Peppermint and cinnamon have long been used as folk remedies for ailments ranging from indigestion to diabetes. These treatments aren't based on science, but now researchers are working on a highly scientific way to use peppermint and cinnamon to make us healthier.

By incorporating extracts of cinnamon and peppermint into tiny capsules made of silica nanoparticles, researchers were able to take advantage of the antimicrobial compounds found within these plants. The capsules proved to be highly effective at killing several different strains of harmful bacteria, including the problematically antibiotic-resistant MRSA, researchers report in a paper published in the journal ACS Nano.

"The immediate application for these capsules is as disinfectants for surfaces," lead study author Bradley Duncan told Tech Times. "From our initial findings, we believe that this system may provide an alternative strategy to combat our ongoing struggle with MRSA."

Duncan and his colleagues created the capsules by adding peppermint oil mixed with cinnamaldehyde – "think Big Red gum," he said – to a solution containing silica nanoparticles. When they run these substances through a device that Duncan describes as "a miniature version of a paint shaker you would find at a hardware store," the silica nanoparticles form a capsule around the peppermint and cinnamon mixture.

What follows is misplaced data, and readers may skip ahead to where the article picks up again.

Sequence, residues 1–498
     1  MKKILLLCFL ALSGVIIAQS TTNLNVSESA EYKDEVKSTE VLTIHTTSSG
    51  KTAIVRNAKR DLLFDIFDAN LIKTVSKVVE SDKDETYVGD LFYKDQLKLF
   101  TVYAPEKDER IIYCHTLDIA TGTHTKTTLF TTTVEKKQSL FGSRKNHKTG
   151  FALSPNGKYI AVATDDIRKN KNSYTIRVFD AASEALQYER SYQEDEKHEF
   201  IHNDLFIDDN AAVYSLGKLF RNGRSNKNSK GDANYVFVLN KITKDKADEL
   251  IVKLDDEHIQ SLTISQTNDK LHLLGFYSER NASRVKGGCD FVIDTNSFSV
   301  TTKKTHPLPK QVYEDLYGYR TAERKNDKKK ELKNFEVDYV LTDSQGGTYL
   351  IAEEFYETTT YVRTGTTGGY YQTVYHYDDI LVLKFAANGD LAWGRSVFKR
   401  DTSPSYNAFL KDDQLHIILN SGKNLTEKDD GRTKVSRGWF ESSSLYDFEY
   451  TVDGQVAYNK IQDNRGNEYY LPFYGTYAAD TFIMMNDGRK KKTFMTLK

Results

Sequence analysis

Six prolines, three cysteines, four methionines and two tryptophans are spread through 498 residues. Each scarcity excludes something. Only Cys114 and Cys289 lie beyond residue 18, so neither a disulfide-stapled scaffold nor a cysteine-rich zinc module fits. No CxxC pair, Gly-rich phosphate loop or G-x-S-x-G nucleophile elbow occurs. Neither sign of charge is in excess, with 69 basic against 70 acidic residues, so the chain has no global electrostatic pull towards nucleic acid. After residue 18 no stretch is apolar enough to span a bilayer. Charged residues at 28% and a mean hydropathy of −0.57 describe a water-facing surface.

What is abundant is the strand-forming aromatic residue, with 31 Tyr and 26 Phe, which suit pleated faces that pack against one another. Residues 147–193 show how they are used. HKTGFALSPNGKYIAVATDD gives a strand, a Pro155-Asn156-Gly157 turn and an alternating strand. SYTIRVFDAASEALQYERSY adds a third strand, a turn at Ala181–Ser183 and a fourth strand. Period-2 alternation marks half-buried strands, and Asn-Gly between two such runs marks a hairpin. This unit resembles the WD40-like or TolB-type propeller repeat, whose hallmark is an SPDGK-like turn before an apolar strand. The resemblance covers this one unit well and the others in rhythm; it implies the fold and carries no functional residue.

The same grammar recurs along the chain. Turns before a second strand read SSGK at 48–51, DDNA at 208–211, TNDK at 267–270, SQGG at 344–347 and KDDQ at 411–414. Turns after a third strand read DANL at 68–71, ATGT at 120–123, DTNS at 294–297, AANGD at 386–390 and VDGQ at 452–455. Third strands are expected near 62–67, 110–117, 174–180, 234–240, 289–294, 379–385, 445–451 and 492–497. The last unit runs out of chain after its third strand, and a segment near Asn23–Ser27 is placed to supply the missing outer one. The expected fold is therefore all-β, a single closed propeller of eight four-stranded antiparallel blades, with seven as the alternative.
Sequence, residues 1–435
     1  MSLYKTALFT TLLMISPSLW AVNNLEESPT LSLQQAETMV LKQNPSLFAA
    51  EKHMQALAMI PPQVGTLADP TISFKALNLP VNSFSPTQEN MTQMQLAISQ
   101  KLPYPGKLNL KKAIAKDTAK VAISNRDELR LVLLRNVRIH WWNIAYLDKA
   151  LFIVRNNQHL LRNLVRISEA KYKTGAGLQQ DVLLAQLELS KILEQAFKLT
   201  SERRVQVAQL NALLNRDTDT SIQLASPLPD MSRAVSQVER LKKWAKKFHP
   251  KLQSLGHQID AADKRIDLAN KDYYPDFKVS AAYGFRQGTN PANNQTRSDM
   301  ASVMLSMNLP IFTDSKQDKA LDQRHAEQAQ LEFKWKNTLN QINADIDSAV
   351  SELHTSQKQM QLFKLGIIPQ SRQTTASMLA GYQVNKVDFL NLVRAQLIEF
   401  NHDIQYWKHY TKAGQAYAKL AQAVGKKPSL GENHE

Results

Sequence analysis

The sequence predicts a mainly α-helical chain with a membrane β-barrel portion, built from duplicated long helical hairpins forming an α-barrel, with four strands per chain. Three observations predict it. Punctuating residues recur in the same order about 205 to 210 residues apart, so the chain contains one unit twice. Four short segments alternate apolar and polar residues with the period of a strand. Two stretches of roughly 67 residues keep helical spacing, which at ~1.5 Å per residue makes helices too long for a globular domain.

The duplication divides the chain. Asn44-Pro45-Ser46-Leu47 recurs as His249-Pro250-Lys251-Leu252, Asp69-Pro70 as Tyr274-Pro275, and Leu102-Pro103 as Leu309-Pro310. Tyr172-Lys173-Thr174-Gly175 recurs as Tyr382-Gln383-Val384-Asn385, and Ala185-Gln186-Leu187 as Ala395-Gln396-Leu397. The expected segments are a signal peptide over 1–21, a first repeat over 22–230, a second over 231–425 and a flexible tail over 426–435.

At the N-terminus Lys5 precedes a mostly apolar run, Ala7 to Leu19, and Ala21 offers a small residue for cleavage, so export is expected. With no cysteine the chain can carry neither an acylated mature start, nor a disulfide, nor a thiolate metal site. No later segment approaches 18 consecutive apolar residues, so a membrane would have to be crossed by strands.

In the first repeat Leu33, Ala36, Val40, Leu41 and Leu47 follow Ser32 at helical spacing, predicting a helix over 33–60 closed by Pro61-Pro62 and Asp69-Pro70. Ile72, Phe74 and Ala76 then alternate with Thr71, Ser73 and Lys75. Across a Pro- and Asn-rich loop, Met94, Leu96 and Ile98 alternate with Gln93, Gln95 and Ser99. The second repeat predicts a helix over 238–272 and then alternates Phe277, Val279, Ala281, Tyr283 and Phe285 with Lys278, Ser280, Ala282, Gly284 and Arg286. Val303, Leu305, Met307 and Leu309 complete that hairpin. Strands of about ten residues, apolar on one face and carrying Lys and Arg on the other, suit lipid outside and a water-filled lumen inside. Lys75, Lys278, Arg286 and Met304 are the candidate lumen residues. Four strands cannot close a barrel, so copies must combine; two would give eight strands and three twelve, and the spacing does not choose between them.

The antimicrobial properties of these substances have been known for some time, but Duncan explains that "many therapeutic substances have poor solubility and limited stability in water." This makes it difficult to get them through the protective layer that forms on top of films of microbes, known as biofilms. The silica nanoparticle capsules solve this problem.

"The capsules do all of the work by interacting with the biofilm due to the molecules present on the surface of the nanoparticles," Duncan said.

The capsules will have to be tested in animal models before they can be applied to real-world situations, but the researchers suggest that this advance could help us fight off harmful surface bacteria, including those of medical devices and even in chronic wounds. They are currently working with experts at the Mayo Clinic to determine the feasibility of using this strategy in a clinical setting.

"The ease with which this system can be assembled and applied to infected tissue makes this a promising method to treat bacterial infections," Duncan said.

Photo: Steven Depolo | Flickr

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